How do you pick up something like that?
“When I returned home to the Netherlands, I immediately started doing research. What is it, where does it come from and where can I buy it? These were important questions for me. I quickly realized that seaweed could become one of the main food sources. In Asia, for example, it has been used for cooking for a long time, although it is mainly about taste and less about health and sustainability. I saw a possible revolution that would require a marketing effort. The seaweed products on the market were unavailable for various reasons attractive And it is necessary for the revolution to succeed and to market products attractively is my speciality. So I took the leap and decided that the next revolution would be seaweed.
The thing about retail is that it is quite ill-equipped to bring innovation to the market
What was it like to make the move from marketing to food?
“On the one hand, it wasn’t a big step, because it wasn’t new for me to bring a fairly radical innovation to the market. I had done that before with Buzzer. What was new and also really a learning experience was the retail industry .Retail is really its own specific world with huge challenges and its own laws of nature Laws that I didn’t find all logical One of the biggest problems of retail is that it is quite ill equipped to bring innovation to the market chains like Albert Heijn and Jumbo is established on a large scale, with companies like Unilever and Nestlé making products that are easy to understand, so I wanted to revolutionize that too. It turned out to be too much of a challenge to do that. We’ve partially succeeded in that to bring the innovation to market, so for the last step we also looked for a buyer who was already longer and bigger in the industry. Scale is very important in retail. But retail does not provide a good resource for smaller companies to achieve scale. Even if there is a demonstrable customer group for an innovation, retailers don’t connect it to a product: you have to do it all yourself.”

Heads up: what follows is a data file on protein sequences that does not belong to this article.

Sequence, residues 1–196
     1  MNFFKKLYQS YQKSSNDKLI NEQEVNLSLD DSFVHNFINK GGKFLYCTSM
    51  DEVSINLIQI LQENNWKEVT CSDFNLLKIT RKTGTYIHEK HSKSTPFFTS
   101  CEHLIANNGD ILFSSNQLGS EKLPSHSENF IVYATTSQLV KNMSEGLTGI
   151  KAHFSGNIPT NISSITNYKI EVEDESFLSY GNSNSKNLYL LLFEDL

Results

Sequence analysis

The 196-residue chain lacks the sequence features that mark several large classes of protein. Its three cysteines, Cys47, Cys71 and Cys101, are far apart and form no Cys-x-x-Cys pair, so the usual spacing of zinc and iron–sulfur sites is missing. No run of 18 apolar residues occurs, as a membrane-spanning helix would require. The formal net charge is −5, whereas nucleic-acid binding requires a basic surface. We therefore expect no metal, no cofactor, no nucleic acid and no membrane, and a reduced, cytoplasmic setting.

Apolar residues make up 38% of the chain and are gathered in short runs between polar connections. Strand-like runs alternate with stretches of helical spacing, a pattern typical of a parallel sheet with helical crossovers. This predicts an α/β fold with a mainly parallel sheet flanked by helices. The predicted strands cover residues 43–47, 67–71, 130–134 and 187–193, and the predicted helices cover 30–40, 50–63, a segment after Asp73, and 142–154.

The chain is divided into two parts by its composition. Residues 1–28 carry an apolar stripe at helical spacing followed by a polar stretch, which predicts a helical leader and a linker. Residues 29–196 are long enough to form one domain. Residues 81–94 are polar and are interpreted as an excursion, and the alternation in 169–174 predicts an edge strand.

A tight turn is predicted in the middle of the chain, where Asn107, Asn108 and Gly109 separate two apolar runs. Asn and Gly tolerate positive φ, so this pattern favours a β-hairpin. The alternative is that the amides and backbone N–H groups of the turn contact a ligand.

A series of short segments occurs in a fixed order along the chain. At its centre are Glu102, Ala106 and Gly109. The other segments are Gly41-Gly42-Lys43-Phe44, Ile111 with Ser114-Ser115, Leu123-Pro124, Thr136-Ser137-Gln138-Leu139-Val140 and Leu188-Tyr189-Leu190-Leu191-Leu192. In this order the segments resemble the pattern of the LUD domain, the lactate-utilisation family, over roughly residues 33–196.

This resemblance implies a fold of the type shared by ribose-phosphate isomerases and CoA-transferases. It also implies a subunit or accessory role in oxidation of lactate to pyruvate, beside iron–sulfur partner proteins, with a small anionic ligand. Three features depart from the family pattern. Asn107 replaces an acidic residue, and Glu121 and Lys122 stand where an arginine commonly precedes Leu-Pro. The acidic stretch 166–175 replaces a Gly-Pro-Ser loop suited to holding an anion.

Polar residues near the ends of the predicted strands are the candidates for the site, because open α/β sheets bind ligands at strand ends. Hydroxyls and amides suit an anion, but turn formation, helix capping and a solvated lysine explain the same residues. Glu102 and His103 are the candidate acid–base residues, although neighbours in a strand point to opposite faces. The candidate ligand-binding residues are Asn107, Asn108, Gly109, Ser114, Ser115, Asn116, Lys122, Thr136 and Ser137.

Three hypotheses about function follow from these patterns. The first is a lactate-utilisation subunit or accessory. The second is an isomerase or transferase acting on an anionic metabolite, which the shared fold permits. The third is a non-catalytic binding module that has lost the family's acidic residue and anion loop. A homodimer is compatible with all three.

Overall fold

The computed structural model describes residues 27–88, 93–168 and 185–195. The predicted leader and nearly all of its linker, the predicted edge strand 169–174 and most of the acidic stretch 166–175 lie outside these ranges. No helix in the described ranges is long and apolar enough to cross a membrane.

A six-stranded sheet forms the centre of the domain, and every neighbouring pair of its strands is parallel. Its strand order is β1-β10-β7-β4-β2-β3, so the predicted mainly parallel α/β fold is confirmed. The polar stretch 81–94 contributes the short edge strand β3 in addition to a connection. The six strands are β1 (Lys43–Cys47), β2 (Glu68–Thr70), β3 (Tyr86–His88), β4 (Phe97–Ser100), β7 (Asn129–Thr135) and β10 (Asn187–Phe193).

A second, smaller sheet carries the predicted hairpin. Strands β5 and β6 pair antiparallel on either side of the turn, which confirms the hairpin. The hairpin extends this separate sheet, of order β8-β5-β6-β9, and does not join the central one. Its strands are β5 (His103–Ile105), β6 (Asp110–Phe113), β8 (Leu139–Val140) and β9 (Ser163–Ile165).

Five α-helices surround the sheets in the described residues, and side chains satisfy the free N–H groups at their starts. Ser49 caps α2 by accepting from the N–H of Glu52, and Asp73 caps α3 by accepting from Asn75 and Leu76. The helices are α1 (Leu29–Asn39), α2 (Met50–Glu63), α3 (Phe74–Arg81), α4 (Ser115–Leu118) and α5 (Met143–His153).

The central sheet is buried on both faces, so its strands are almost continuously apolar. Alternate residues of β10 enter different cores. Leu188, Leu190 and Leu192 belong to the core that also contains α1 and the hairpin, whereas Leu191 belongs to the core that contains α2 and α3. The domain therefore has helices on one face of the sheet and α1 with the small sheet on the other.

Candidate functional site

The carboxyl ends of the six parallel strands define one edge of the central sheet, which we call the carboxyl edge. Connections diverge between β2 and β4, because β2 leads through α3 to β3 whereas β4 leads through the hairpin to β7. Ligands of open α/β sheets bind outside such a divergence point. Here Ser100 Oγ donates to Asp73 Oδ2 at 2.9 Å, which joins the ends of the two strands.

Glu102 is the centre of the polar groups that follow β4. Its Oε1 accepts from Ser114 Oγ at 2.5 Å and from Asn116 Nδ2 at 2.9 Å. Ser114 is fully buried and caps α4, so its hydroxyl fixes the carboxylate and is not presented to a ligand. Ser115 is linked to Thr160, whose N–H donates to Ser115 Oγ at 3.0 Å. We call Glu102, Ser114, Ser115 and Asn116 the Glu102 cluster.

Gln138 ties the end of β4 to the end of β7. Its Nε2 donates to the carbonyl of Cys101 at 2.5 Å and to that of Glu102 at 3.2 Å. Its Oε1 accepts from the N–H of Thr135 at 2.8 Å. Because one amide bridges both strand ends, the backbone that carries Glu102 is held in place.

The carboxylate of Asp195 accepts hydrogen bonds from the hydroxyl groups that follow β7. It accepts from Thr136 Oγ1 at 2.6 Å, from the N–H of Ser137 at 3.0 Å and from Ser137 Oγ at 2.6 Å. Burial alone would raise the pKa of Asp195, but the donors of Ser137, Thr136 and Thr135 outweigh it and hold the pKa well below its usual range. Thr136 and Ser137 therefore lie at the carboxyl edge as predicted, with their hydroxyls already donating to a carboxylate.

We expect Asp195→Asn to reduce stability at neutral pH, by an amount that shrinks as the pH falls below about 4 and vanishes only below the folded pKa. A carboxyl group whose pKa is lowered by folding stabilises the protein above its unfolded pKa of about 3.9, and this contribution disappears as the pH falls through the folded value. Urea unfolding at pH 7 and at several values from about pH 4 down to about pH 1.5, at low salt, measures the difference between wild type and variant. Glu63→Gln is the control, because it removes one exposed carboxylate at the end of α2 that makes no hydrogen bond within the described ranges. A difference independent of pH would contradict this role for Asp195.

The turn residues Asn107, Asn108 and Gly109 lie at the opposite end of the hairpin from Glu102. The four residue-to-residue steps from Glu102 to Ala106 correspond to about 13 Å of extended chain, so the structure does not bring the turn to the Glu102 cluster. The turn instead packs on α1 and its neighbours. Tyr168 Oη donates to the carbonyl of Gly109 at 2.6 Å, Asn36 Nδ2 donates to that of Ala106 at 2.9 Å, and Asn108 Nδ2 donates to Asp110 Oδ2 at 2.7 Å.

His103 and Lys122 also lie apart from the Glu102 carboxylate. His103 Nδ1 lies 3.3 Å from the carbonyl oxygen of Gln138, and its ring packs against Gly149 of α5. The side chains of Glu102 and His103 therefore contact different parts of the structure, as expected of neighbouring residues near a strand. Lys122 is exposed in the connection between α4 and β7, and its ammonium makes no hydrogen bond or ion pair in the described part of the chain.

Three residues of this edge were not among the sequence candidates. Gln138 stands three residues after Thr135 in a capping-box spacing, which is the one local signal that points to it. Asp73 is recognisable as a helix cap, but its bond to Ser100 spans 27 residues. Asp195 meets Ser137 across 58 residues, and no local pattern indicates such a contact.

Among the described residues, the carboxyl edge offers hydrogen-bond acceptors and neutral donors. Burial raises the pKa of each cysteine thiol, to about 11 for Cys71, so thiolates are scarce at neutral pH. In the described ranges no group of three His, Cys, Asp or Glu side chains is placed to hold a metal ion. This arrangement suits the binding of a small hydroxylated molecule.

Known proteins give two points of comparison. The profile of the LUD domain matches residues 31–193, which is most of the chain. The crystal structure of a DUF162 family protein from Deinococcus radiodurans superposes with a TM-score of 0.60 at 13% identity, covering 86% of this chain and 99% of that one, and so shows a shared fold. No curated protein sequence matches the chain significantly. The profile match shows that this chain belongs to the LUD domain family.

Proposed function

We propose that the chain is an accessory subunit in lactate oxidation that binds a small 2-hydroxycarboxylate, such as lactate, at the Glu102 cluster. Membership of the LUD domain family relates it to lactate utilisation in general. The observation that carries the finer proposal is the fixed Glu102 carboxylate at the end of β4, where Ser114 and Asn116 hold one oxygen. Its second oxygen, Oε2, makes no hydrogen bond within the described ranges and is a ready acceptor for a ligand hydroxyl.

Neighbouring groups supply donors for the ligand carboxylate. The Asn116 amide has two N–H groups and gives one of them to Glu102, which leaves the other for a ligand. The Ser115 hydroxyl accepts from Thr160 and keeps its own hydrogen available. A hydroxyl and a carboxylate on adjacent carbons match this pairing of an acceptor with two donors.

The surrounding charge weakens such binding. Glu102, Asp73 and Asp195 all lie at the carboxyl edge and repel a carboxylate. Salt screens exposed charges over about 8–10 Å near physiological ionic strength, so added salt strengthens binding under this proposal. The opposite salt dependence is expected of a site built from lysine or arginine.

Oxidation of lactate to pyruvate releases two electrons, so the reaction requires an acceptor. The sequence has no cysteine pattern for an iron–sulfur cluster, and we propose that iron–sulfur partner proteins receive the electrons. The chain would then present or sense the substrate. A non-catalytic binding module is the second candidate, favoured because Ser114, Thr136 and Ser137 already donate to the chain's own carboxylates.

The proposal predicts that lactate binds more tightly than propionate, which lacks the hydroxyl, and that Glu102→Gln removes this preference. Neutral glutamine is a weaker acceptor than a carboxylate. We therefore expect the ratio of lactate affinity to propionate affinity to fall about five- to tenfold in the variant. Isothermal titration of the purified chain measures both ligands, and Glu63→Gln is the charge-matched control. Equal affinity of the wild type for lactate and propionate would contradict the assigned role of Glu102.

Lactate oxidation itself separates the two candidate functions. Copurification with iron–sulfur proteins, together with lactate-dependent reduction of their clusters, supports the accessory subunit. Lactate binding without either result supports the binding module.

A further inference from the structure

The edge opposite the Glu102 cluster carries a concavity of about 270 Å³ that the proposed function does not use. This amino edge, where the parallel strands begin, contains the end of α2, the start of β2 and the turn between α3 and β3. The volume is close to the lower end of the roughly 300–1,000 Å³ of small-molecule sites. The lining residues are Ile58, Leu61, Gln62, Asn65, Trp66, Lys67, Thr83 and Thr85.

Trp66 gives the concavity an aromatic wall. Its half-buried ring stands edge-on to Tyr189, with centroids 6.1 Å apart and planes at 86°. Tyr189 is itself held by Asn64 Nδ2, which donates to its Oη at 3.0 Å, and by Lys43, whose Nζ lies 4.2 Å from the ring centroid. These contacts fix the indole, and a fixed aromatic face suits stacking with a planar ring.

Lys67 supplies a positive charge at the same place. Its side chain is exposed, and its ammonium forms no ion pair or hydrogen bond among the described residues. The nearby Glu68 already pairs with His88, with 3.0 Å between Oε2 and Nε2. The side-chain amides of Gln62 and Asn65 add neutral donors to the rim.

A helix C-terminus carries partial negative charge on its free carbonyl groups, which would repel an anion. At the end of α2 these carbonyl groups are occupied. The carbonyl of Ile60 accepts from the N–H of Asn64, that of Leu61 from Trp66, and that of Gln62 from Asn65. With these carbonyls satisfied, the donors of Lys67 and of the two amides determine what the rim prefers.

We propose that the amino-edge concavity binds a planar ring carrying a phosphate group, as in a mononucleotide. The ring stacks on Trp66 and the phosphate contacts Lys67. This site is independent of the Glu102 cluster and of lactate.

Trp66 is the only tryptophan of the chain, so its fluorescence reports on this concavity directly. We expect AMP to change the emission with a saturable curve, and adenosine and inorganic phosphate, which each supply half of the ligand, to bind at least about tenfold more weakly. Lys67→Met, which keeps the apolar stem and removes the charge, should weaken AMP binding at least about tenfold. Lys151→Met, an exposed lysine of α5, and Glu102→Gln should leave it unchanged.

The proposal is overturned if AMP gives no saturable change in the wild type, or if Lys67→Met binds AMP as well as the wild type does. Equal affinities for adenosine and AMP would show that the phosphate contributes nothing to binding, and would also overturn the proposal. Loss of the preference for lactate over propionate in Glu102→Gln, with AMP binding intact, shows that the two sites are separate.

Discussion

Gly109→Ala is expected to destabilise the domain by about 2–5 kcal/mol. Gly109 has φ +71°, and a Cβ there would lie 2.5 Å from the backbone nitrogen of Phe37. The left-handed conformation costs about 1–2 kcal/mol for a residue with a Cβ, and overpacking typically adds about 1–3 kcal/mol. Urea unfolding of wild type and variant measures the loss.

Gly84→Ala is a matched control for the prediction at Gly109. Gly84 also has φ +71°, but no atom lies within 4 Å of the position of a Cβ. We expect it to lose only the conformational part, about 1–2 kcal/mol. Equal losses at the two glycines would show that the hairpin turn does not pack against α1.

What was the biggest challenge on your way?
“The slowness of retail and the retail channel itself was a big challenge. One hopes, with some naivety, that the supermarket will think along and see the ‘bigger picture’ of the desirability of healthier, more sustainable foods. The big challenge is the public in making the supermarket aware that your product exists and making it easy for them to try it. The supermarket can facilitate it, but they don’t do enough. They only offer a price list of promotional items that cost €50,000 for a little attention . On top of that, because it is an innovative product, you can only test 100 to 200 supermarkets, which makes it impossible to get that investment back. The biggest challenge was that instead of being a proactive matchmaker, especially between products, the supermarket and the consumer and creates barriers. A bizarre example is that supermarkets only have a margin of 8% on fresh meat and 35 to 50% on meat substitutes. recreating in the outside world helps, but it is not n ok to get people on the shelf, and that’s where the biggest challenge lies.’